By Judy Rupp, columnist
Enid News and Eagle
There are many possible reasons your back is hurting you right now. And there are many possible treatments you might explore to get rid of the pain. In nearly every case, the best solution is non-invasive, involves no medications and costs little or nothing — exercise. And two particular types, yoga and stretching, are most likely to get positive results.
Pain causes muscles to get tight, and tight muscles cause even more pain in a never-ending cycle. Stretching helps to lengthen and relax tissues that have become contracted as a protective mechanism. With just a little movement, you’ll find yourself able to tolerate more than you thought. Physical activity gets blood flowing, and circulation is necessary for any kind of healing.
Yoga is often recommended — in some cases, even prescribed. And there are good reasons for doing so. Yoga poses are designed to make you more aware of your body and to understand its limitations as well as its potential.
When yoga is practiced properly on a regular basis, the result is improved posture and balance with head, shoulders, spine and pelvis in proper alignment.
Yoga hardly qualifies as pumping iron, but it is nevertheless an effective way to strengthen muscles, particularly the core body muscles that are essential to a healthy spine.
The yoga practice of holding a position for an extended time is not meant to cause discomfort. But it does require strong concentration and awareness of specific muscles and muscle groups.
The most important physical benefits of yoga, according to most experts, come from the stretching. Holding a gentle pose for 10 to 60 seconds requires flexing one muscle while relaxing its opposing muscle. The goal is balanced muscle tension, relaxation and increased flexibility.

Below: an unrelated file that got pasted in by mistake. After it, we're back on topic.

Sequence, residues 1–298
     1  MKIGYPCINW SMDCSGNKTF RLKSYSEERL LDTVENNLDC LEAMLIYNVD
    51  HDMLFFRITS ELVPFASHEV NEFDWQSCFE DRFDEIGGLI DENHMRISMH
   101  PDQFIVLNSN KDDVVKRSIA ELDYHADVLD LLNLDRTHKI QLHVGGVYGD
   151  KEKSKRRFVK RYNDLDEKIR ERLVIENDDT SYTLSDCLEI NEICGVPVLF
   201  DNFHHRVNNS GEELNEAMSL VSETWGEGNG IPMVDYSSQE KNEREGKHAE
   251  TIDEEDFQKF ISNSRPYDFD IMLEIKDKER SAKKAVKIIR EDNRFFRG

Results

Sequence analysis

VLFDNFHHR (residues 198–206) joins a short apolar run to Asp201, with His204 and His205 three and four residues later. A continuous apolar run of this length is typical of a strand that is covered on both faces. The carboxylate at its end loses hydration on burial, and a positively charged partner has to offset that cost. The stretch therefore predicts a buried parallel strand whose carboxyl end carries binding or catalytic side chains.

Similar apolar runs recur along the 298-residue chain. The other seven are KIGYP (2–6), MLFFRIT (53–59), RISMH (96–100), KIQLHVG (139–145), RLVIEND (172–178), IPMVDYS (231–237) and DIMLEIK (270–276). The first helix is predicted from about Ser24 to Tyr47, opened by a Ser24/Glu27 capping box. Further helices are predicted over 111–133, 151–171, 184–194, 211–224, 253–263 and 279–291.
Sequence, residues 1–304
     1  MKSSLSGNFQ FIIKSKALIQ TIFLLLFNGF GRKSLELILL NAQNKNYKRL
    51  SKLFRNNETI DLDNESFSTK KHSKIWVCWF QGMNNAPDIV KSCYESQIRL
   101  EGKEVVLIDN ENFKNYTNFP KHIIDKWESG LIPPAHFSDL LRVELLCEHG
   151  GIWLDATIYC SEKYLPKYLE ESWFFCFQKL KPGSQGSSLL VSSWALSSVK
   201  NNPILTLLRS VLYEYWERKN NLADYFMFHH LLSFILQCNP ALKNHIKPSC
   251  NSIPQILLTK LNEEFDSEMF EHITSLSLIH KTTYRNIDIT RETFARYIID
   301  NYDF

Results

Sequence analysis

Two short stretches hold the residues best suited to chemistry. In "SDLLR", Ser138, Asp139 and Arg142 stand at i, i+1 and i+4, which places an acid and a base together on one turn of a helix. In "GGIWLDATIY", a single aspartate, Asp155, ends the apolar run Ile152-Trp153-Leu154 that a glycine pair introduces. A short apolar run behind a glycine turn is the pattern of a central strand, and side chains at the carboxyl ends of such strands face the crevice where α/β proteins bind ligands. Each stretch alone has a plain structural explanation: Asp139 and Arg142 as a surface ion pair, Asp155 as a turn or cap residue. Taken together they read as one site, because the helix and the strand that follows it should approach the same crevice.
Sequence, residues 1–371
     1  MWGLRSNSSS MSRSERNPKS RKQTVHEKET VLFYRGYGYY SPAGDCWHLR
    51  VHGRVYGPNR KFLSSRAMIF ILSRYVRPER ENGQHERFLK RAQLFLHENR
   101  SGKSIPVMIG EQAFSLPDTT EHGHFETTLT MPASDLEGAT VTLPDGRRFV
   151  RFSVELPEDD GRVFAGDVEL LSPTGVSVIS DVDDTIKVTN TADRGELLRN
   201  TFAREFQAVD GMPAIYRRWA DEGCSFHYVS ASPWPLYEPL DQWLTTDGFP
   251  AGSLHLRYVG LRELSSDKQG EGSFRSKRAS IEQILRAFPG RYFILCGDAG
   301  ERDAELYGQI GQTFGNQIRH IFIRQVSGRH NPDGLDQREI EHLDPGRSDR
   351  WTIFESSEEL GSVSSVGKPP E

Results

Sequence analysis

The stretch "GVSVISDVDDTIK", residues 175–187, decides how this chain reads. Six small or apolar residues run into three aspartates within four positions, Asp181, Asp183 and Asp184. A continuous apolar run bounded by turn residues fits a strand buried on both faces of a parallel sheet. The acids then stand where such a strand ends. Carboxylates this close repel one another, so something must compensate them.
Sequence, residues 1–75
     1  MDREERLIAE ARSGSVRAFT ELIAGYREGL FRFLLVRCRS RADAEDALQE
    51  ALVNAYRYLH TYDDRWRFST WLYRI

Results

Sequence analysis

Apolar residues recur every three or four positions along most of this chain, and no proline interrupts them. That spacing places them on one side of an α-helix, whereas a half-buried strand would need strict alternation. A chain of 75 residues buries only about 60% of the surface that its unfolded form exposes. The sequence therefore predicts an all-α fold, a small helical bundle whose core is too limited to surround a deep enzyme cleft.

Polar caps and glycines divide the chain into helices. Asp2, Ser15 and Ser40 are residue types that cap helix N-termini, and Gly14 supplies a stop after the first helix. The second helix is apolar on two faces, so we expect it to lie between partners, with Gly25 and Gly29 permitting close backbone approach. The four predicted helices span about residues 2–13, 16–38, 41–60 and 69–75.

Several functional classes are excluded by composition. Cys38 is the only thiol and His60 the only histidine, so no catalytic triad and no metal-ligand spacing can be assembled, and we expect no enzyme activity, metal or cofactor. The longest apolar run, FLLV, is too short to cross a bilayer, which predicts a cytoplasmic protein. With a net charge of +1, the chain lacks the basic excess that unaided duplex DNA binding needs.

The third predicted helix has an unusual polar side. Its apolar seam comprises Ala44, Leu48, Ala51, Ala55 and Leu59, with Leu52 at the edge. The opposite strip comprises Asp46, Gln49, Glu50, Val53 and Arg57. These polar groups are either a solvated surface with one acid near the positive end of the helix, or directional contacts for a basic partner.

In many cases, tension and tightness, particularly in the hamstring muscles at the back of the thigh, are enough by themselves to bring on pain. But even when the initial pain resulted from severe trauma to the spine or a herniated disc, muscles seize up and contribute to a continuing pain cycle.
Most yoga teachers, of course, will stress the mental, emotional and spiritual benefits. It’s a state of mind that encourages meditation, balance and harmony. Deep, free and rhythmic breathing relaxes the body and encourages circulation, reducing stress and the perception of pain.
Negative emotions and high levels of stress can be either a cause or an effect of chronic pain. In either case, deep breathing, relaxation and stress reduction can go a long way toward reducing the perception of pain.
At least 10 published studies have confirmed the benefits of yoga as effective back pain therapy. The largest to date, a British study published in the Annals of Internal Medicine [November 1, 2011], followed 313 adults with chronic or recurring low-back pain for a year.
After three months, subjects taking the yoga classes had better back function and more confidence performing every- day activities than subjects in the control group, even though they had no significant reduction of pain. Subjects were not required to continue the yoga classes, but about two-thirds did. And improved back function was reported at six months, nine months and a year after the end of the study period.
A U.S. study published a week earlier [October 24, 2011, Annals of Internal Medicine] included 228 mentally healthy adults, most of whom had remained fairly active despite their moderate back pain. One-third of the subjects took weekly yoga classes; another third took weekly stretching and strengthening classes; and a control group was given a book on coping with back pain.
At the end of three months, both the yoga and stretching groups showed greater improvement of their back pain. Considering the mental and spiritual components of yoga, the researchers were surprised that those in the stretching and strengthening group had comparable benefits.
Both the yoga and stretching classes focused specifically on the muscle groups of the back and legs. Both stretching and yoga require an active effort on the part of the patient. And, this effort pays off by reducing the need for medication or surgery. These studies confirm what doctors already knew: it’s important not to become dependent on painkillers, nor to rush too quickly into any invasive treatment.
Rupp is a certified information and referral specialist on aging for NODA Area Agency on Aging. Contact her at 237-2236.